3. Customer lifetime value: The customer lifetime value rises for brands which focus on pull strategy. Example – I have always been a lover of Hush puppies and i dont remember any other formal shoe brand which i have worn. I have always worn Hush puppies.
4. Sustainable competitive advantage: The use of pull strategy provides a competitive advantage to all firms which have created amazing value over the years. HUL and P&G are companies known to use pull strategy effectively and many of their brands like Dove and others are closely connected to their consumers. As a result, any new entrant in the market finds it very tough to compete with these brands.
Lately, the applications of holistic marketing and customer concept have increased in the market. The customer is at the pinnacle for any organization and the organization wants to focus what customers want. As a result, pull marketing becomes more important then push because you want to create enough value so that the customer comes to you.
Another example of pull marketing strategy being important is E-commerce. Till date, in retail, you had ground people to push a product to customers. However, in E-commerce the customer already knows most of the products and brands and buys only those products which it trusts. As a result, it is imperative that companies start building brands so that their products get liquidated in an online economy.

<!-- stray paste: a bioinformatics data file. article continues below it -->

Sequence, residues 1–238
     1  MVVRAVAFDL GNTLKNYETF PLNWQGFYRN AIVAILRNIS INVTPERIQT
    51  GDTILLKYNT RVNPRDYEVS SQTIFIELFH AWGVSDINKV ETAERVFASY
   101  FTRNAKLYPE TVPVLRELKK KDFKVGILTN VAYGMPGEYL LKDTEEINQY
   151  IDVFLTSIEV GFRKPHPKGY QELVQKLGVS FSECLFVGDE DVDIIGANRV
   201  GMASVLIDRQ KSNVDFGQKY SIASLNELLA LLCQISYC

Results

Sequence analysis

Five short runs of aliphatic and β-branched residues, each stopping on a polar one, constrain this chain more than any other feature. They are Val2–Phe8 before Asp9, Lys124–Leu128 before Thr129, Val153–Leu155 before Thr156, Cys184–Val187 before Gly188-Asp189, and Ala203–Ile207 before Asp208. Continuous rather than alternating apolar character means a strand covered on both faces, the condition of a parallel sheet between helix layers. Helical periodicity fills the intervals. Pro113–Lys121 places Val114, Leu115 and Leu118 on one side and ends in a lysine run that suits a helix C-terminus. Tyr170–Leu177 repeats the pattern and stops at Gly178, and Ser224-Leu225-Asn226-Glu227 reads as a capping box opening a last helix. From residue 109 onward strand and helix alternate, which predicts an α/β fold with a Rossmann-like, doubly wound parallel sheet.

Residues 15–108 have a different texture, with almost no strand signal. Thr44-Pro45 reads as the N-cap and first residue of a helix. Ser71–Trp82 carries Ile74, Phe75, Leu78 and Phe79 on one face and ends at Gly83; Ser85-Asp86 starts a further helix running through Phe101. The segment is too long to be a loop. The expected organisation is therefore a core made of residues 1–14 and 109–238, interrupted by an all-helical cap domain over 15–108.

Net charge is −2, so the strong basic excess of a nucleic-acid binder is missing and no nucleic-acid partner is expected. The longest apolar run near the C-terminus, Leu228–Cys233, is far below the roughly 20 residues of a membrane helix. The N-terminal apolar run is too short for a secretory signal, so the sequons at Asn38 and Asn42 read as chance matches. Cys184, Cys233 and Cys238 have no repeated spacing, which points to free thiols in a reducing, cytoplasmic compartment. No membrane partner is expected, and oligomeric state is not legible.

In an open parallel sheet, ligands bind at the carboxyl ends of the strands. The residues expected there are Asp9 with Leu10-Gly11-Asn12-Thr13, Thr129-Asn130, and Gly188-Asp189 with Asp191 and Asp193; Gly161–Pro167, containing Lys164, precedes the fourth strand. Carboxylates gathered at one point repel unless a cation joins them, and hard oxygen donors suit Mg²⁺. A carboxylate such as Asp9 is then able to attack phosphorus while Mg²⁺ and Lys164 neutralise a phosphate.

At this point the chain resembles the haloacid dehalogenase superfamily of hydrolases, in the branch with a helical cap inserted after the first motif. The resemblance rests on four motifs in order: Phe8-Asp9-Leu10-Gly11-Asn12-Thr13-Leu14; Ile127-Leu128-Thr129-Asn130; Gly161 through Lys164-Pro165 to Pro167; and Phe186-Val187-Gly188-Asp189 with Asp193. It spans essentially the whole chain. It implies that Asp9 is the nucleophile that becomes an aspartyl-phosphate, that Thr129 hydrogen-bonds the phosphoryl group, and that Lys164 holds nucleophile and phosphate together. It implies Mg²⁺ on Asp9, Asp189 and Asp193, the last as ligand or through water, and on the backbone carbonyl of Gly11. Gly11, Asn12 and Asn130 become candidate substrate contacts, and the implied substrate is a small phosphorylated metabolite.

Here is a video by Marketing91 on Pull Strategy.
Disadvantages of Pull Marketing
Pull marketing strategies are a great way to get customers to pull your product or service to them. These strategies include word of mouth, public relations and other forms of advertising that create an environment where the customer has to seek out the product or service. However, there are some disadvantages associated with pull marketing strategies.
1. Expensive to Implement
The first is that they can be expensive because outbound marketing require a lot more effort than push marketing strategy do. For example, if you want to increase your customer base through word of mouth, then you need to make sure that your potential customers are talking about your product or service in some way, shape or form.
This means doing something special for your customers, creating unique marketing campaigns for them so they will talk about you and doing whatever else it takes to make sure that people feel motivated enough to talk about your brand.
2. Time Consuming